New clues at Navan Fort

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Recent survey work at Navan Fort, County Armagh, has revealed a series of previously unknown monumental structures from the Iron Age, as well as new evidence of medieval activity.

An aerial photograph of Navan Fort
Geophysical surveying at Navan Fort, a site of prehistoric significance, has uncovered details about different phases of its history. [Image: © Comparative Kingship Project]

Navan Fort is a prehistoric hilltop enclosure traditionally believed to be the ancient capital of Ulster. The internally-ditched, 240m-diameter enclosure contains several Iron Age monumental features, including an earthen mound covering the burnt remains of a 40m-diameter ceremonial wooden structure, and a ring-barrow-like earthwork. It has been the subject of much research over the years (see CA 360, 134, and 22), but a recent project carried out by Queen’s University Belfast and the University of Aberdeen, now published in the Oxford Journal of Archaeology (, has used a range of geophysical surveying techniques to dramatically change our understanding of the site’s evolution.

The surveys identified a possible new phase of monumental wooden architecture that pre-dates the mound and enclosure. Of particular importance are two large palisaded enclosures, which intersect to form a figure-of-eight shape, each with a big previously excavated figure-of-eight-shaped building in their centre. These structures appear to have been rebuilt four times, and they may be related to the series of four palisaded enclosures that have been identified surrounding the whole hilltop. At least one of these latter enclosures was truncated by a late Iron Age enclosure ditch that was constructed c.95 BC, at the same time as the 40m-diameter wooden structure mentioned above. The rebuilding of the structures and palisades and the repeated use of the figure-of-eight motif suggests that they may have been ‘ritual’ buildings of some sort, representing an important addition to Navan’s story as a major ceremonial centre.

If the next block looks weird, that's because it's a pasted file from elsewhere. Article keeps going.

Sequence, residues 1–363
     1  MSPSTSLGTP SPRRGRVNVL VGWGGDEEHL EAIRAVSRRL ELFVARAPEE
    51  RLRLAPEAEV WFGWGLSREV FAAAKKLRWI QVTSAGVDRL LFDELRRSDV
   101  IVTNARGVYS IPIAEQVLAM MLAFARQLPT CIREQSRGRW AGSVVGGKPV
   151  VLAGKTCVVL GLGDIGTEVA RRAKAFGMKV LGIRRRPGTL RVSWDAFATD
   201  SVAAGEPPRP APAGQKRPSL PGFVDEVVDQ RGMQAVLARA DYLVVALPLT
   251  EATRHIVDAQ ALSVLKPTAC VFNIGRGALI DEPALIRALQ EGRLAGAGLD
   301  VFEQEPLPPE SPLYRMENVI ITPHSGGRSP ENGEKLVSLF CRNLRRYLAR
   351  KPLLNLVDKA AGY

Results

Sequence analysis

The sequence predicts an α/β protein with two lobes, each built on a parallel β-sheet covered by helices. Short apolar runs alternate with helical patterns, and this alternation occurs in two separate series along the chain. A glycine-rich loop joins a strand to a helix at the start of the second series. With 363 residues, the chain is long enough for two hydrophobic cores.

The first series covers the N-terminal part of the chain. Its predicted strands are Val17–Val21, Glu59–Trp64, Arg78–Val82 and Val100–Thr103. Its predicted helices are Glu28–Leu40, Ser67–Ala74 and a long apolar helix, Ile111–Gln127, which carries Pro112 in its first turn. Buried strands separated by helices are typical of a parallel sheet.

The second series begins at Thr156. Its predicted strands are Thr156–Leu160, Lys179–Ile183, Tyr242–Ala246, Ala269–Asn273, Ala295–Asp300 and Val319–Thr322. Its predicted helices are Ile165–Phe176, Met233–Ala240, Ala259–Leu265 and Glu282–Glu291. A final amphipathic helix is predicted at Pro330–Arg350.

The survey results have also led to new interpretations of some areas of the site, contradicting conclusions drawn from earlier excavations. Perhaps most significantly, the new features indicate that the entrance to the enclosure may not be in the east as was once assumed – and as it is at other ceremonial centres, such as Tara and Rathcroghan – but was located on the western side of the site instead.

Finally, the project has provided the first evidence that activity at the site continued into and throughout the 1st millennium AD and beyond. Previously it was thought that the enclosure of the site c.95 BC represented the final phase of its use, but it now appears that there are several structures and enclosures that can be dated to the early medieval period. Excavation is required to determine their exact function, but the identification of a medieval complex at the site’s centre significantly alters our understanding of Navan’s development – and offers archaeological links to the historical sources that refer to the site as a place of kingship in the medieval period.

A LiDAR image of the site
This LiDAR image shows the focus of the survey area, and major monuments, including the earth mound covering the 40m-diameter structure (Site B) and the ring-barrow earthwork (Site A). [Image: © Comparative Kingship Project]

This news article appears in issue 367 of Current Archaeology. To find out more about subscribing to the magazine, click here.

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